“Small Town” Environment Creates Challenges for Jury Selection in Ahmaud Arbery Murder Trial
The trial of three men charged with the murder of an unarmed jogger got underway last week. USA Today reports on the difficulty of securing qualified jurors from small Glynn County, Georgia, which has 62,000 registered voters. Of the 1000 summoned jurors, multiple venire members are telling the court they know the victim, at least one of the three defendants, potential witnesses, or local figures who may be mentioned in evidence. Moreover, several jurors feared personal repercussions after rendering a verdict. In commenting on this dynamic, University of Texas law professor Jeffrey Abramson suggests in the legal blog Justia that Georgia trial judge Timothy Walmsley might obtain valuable guidance from the oral arguments made to the Supreme Court in the case of the Boston Marathon bomber. Abramson writes:
In the Boston Marathon bombing trial, the trial judge wrongly limited his examination of jurors to extracting the answer he wanted —“I am impartial.” On appeal, a federal appeals court threw out the marathon bomber’s death sentence, ruling that the judge should have done a more thorough job of screening for bias. The judge should have asked jurors for a specific recounting of what they saw or read in the news. Only after discovering exactly what sort of stories the Boston jurors were exposed to could the judge, and not the juror, have made a proper determination of whether someone who had seen this or that in the news could really put the publicity aside.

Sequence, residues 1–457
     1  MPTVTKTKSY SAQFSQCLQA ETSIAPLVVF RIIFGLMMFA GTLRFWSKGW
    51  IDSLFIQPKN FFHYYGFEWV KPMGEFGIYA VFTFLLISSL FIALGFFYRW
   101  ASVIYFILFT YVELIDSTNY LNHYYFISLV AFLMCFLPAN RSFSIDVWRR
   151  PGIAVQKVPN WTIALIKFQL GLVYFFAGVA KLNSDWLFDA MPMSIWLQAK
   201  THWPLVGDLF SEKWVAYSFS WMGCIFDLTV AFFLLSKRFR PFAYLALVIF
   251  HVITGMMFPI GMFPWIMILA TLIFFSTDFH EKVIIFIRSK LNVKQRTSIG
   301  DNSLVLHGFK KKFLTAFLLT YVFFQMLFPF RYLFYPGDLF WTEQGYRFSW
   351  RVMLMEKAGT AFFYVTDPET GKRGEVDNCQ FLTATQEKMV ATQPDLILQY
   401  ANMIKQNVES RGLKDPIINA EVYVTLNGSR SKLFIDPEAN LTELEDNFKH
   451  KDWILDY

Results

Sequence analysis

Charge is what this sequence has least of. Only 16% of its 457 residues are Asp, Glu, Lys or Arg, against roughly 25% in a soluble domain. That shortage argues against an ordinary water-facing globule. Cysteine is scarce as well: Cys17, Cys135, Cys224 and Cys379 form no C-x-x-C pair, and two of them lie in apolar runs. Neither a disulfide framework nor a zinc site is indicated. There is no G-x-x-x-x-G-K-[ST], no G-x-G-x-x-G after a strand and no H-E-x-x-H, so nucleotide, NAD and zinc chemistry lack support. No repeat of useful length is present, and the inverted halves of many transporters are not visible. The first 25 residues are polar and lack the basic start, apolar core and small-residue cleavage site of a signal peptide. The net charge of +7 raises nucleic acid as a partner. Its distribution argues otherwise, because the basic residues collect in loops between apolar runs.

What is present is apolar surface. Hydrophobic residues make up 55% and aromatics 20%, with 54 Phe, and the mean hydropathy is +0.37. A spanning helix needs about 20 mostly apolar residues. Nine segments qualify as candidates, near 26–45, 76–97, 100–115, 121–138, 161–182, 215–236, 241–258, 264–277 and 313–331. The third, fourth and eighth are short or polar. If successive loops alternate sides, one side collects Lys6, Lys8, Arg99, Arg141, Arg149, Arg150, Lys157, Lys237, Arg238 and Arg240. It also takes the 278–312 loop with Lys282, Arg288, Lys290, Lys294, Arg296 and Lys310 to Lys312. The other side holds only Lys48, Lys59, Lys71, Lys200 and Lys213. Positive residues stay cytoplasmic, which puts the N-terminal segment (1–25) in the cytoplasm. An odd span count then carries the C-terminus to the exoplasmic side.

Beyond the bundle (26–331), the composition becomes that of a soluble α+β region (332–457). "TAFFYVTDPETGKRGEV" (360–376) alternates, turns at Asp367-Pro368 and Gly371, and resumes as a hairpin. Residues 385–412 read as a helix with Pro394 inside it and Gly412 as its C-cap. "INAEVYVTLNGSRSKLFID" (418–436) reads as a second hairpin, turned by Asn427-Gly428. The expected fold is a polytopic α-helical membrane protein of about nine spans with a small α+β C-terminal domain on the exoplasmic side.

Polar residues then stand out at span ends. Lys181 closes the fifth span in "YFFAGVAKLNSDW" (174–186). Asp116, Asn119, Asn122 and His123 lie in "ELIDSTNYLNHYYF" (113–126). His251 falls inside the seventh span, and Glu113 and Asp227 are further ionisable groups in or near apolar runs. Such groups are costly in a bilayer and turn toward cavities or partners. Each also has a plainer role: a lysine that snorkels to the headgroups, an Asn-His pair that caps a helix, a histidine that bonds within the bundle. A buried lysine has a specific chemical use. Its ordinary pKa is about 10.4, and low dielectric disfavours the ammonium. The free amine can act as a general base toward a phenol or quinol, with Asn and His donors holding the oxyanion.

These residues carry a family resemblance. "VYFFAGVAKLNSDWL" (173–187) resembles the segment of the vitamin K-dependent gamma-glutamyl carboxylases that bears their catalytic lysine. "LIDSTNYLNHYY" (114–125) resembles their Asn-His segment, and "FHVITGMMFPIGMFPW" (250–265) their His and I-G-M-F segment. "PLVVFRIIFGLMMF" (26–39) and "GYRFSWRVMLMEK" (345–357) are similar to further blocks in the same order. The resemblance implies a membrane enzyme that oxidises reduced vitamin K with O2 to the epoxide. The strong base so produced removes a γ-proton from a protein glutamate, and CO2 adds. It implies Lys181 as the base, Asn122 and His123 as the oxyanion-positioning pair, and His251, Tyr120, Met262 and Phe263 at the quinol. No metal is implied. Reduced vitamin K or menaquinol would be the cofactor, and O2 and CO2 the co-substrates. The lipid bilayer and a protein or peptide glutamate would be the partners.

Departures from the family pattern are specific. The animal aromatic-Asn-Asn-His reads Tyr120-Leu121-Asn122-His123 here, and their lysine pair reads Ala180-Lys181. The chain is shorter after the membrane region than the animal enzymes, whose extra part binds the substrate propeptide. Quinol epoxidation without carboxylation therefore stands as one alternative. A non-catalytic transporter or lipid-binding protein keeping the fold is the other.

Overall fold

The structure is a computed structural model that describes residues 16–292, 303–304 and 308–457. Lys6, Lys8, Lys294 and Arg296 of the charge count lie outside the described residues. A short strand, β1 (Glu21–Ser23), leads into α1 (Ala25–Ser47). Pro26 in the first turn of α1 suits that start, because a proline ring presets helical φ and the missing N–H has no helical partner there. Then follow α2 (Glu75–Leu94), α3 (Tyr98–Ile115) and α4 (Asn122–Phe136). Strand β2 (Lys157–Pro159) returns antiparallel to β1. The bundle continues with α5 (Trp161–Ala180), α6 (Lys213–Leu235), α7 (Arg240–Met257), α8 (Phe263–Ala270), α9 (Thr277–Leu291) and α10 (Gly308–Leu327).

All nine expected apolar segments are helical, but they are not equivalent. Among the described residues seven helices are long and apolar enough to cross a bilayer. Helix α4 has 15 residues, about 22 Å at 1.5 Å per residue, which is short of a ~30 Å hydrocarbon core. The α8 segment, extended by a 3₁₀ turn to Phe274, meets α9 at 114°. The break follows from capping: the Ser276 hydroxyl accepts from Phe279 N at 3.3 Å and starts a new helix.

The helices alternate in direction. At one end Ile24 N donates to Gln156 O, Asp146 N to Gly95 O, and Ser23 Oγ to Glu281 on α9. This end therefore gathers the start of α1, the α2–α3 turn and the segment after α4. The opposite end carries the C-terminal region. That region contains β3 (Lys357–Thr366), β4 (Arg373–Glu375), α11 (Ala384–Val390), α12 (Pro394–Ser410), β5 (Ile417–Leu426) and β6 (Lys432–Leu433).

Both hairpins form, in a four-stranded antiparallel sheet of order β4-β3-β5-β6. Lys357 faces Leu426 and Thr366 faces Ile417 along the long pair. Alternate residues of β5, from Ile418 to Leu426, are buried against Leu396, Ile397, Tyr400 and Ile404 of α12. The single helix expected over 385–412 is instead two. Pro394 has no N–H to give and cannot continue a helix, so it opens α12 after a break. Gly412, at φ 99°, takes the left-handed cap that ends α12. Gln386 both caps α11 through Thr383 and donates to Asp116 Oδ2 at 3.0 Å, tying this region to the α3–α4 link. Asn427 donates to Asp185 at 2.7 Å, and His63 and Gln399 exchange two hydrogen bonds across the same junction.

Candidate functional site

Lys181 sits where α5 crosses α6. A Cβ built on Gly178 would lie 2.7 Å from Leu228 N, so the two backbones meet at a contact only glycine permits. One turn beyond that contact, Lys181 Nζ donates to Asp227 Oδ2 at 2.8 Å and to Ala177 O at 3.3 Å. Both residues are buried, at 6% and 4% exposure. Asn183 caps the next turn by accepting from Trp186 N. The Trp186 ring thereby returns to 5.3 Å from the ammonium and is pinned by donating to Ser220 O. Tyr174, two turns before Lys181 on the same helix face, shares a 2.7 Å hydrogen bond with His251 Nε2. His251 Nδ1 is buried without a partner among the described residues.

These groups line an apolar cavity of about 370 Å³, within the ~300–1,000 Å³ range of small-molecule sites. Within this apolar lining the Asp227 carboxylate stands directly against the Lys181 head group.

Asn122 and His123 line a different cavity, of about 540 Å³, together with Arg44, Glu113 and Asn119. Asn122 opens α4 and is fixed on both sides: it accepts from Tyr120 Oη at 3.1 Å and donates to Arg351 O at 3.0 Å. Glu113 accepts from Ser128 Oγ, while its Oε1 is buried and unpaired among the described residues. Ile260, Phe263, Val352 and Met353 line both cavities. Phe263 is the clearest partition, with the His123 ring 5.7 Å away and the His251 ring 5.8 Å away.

Ghislaine Maxwell Jury Selection Likely to Require 600 Jurors & Thanksgiving Holiday Issues
And in yet another high-profile case coming up for trial, Manhattan federal judge Alison J. Nathan faces the challenge of completing jury selection before Thanksgiving Day in the sex-trafficking trial of Jeffrey Epstein associate Ghislaine Maxwell. Law 360 ($) reports “she is prepared to review as many as 200 potential jurors per day over that period until as many as 60 are qualified by the court to be quizzed in a second round, which will include thorough questioning to suss out potential conflicts or bias in the headline-making case.” To the consternation of media outlets, defense counsel wants all pre-set voir dire questions sealed in advance of in-court proceedings so that citizens who want to be selected don’t do homework on their answers. Presentation of evidence in the case is scheduled to begin on the Monday after Thanksgiving.